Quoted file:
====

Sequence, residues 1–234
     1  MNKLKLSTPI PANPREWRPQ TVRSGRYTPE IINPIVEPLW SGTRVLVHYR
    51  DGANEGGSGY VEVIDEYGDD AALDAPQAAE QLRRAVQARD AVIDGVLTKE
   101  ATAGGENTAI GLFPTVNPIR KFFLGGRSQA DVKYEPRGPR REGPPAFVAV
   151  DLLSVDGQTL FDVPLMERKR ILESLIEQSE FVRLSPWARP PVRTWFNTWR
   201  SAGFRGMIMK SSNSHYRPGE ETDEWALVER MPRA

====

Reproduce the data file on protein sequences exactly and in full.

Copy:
Sequence, residues 1–234
     1  MNKLKLSTPI PANPREWRPQ TVRSGRYTPE IINPIVEPLW SGTRVLVHYR
    51  DGANEGGSGY VEVIDEYGDD AALDAPQAAE QLRRAVQARD AVIDGVLTKE
   101  ATAGGENTAI GLFPTVNPIR KFFLGGRSQA DVKYEPRGPR REGPPAFVAV
   151  DLLSVDGQTL FDVPLMERKR ILESLIEQSE FVRLSPWARP PVRTWFNTWR
   201  SAGFRGMIMK SSNSHYRPGE ETDEWALVER MPRA